A UK-based theologian has signed a declaration that calls on the Pope and the entire Church to oppose the “dangerous, under-tested, under-monitored, abortion-tainted Covid-19 injections”.
Dr Caroline Farey serves as a member of the commission examining the female deaconate that was set up following a request from bishops at the Amazon synod 2019 to study the issue.
The Bethlehem Declaration asserts that it is “morally illicit” to accept a Covid vaccination and calls for “massive non-compliance” with “freedom-killing” vaccine passports.
Pope Francis has described getting vaccinated against Covid-19 as an “act of love”, and only those with a vaccine pass or proof of recent recovery from the virus are permitted to enter the Roman Curia’s offices.
During his annual speech to ambassadors to the Holy See from across the world on Monday, Francis lamented the “baseless information or poorly documented facts” which had swayed some people to refuse the vaccine.
The declaration was published on LifeSiteNews, a Canadian ultraconservative Catholic website consistently hostile to the Pope which last year was removed from YouTube, Facebook and other social media platforms for spreading misinformation about the Covid virus. Other signatories include Archbishop Carlo Maria Viganò, the former Vatican diplomat who in 2018 called on the Pope to resign.
It comes under the oversight of the Congregation for the Doctrine of the Faith – the same body which in December 2020 ruled that although cell lines from two aborted foetuses had been used in the research and production process of Covid vaccines, their use was “morally licit”.
Dr Farey, a former philosophy lecturer at St Mary’s College, Oscott who was responsible for catechesis at the Maryvale Institute in Birmingham between 1996 and 2013, was asked by The Tablet if she intended to continue serving on the Vatican commission, given it has been holding in-person meetings in Rome.
She was also asked if she saw any difficulty about signing a petition which contradicts the Vatican’s position on vaccines, hosted by a website hostile to Francis.
“It seems to me that the Bethlehem Declaration gives sufficiently serious reasons for not receiving one of the experimental Covid vaccines currently available in the UK,” she said. Dr Farey also emphasised that she was not endorsing the views or comments of other signatories.
“Each of the many points made in the Bethlehem Declaration seems to be true, just, well-researched and relevant to the UK (although set partly in the American context). I hope people read the supporting articles so that they can judge for themselves.”
Dr Farey went on to explain that she discerns to the “best of my knowledge” whether an article contains “misinformation or not” and does not “use Facebook or any other fact-checker to make that judgement for me, as these may have different criteria for their judgment”.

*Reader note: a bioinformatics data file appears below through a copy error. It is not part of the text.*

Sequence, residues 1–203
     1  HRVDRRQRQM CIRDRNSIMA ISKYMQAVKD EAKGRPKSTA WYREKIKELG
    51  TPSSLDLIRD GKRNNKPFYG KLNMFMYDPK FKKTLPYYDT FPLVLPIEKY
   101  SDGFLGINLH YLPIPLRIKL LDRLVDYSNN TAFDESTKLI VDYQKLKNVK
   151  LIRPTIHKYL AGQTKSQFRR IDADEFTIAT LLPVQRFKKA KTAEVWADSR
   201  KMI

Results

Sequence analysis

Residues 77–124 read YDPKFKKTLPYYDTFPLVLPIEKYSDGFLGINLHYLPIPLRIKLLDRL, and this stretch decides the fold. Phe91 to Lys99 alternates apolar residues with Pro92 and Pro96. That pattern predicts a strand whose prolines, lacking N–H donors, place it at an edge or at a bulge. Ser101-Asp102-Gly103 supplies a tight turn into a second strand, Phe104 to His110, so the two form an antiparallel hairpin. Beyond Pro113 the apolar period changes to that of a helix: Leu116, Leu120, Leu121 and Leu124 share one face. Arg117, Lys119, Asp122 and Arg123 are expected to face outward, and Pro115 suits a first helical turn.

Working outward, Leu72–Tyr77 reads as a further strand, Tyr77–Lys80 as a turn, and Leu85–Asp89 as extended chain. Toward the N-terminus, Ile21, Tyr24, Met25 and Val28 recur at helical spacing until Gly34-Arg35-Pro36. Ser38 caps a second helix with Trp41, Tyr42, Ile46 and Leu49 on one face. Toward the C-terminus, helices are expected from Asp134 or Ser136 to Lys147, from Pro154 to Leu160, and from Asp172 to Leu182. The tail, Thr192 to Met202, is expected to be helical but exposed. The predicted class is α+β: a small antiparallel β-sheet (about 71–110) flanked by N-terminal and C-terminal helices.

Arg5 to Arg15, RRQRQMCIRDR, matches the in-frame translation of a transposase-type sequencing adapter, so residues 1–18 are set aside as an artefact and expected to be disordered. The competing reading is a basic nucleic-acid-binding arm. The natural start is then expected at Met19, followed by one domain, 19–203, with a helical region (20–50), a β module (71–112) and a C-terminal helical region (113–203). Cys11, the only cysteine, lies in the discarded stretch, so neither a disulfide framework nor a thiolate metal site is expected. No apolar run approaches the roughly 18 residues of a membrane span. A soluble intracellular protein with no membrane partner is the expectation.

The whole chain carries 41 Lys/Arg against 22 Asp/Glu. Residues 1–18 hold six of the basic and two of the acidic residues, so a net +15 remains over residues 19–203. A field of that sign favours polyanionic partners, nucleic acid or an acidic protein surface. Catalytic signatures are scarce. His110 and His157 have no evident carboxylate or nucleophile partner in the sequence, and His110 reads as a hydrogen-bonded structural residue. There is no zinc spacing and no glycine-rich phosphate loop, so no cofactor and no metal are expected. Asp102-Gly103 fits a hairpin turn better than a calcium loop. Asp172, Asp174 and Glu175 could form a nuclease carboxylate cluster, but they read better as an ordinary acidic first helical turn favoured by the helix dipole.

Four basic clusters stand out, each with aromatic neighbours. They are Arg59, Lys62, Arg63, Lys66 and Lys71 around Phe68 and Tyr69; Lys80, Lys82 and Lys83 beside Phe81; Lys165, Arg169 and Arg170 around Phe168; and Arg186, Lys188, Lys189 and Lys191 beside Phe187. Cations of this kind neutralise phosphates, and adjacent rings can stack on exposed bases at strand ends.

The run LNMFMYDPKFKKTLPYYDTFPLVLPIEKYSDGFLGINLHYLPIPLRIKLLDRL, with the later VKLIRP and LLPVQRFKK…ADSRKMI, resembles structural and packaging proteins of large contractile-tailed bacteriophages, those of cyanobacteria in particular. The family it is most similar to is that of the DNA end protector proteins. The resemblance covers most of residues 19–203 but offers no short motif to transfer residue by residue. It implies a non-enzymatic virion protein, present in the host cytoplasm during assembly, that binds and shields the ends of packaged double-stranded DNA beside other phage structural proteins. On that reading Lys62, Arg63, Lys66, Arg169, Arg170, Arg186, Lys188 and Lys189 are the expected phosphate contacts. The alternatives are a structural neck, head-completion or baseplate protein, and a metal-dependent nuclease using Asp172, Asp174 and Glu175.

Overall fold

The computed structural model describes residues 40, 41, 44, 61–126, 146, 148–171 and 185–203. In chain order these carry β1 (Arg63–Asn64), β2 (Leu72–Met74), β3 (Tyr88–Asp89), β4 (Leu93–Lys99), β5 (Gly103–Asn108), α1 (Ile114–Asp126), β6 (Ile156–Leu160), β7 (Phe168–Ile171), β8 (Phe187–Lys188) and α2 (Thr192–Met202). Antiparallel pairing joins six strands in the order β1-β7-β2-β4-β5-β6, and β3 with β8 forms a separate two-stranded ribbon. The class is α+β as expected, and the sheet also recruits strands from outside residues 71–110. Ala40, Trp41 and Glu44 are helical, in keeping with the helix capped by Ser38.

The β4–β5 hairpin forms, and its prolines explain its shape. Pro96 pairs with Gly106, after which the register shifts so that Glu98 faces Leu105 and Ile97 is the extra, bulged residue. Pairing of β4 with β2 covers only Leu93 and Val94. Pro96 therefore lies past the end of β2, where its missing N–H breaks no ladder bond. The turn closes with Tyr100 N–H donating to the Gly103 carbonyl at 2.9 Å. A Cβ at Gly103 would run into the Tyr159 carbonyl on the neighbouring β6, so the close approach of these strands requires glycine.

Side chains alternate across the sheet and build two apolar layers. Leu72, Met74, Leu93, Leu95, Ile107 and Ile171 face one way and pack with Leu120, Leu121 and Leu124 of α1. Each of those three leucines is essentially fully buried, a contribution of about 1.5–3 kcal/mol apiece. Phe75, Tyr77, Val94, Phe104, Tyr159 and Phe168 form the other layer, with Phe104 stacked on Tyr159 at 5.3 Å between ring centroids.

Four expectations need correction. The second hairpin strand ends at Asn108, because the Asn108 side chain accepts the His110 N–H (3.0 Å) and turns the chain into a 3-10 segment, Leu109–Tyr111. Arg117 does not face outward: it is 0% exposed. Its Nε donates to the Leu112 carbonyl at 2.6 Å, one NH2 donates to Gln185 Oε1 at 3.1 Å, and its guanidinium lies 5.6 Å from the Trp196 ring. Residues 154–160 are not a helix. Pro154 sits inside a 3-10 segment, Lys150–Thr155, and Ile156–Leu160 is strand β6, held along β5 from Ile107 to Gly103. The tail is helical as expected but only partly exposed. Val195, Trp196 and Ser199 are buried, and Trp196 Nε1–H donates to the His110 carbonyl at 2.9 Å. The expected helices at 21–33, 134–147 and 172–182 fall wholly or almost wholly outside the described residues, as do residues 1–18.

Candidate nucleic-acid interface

As to disagreeing with the Pope, she said: “During this time of exploration of a synodal way, do you think the Pope wants the listening process to be only for those with his own viewpoint?”
The first meeting of the new women deacon’s commission was held last September, and a subsequent meeting had been expected to take place in the coming weeks.
This is the second commission to look at the topic of female deacons after the first one was, according to the Pope, unable to reach agreement. However, although those on that commission presented their evidence, they did not see what was submitted to the Pope by Cardinal Luis Ladaria, the prefect of the Congregation for the Doctrine of the Faith, who had overseen their work.
The Vatican’s doctrine office is understood to have played a critical role in naming the members of the commission and although the bishops from the Amazon requested the work on women deacons to continue its work, none of the ten member body comes from Latin America or the Amazon region.
An analysis of the commission members suggests an even split between those for and against female deacons. A number of those serving on the body, including Dr Farey, appear not to have published on the issue of female deacons.
It is significant, however, the the Pope chose Cardinal Giuseppe Petrocchi, the multi-lingual archbishop of the central Italian archdiocese of L’Aquila and a trusted advisor to Francis, to lead the new commission. Any opening to female deacons will be fiercely resisted by some in Rome, and the CDF is understood to be the centre of resistance to change.
The secretary of the commission is Fr Denis Dupont-Fauville, a relatively new official at the doctrine office, who used to oversee the permanent diaconate for the Archdiocese of Paris. He did not respond to The Tablet’s request for comment and has in the past said the commission’s work is covered by pontifical secret.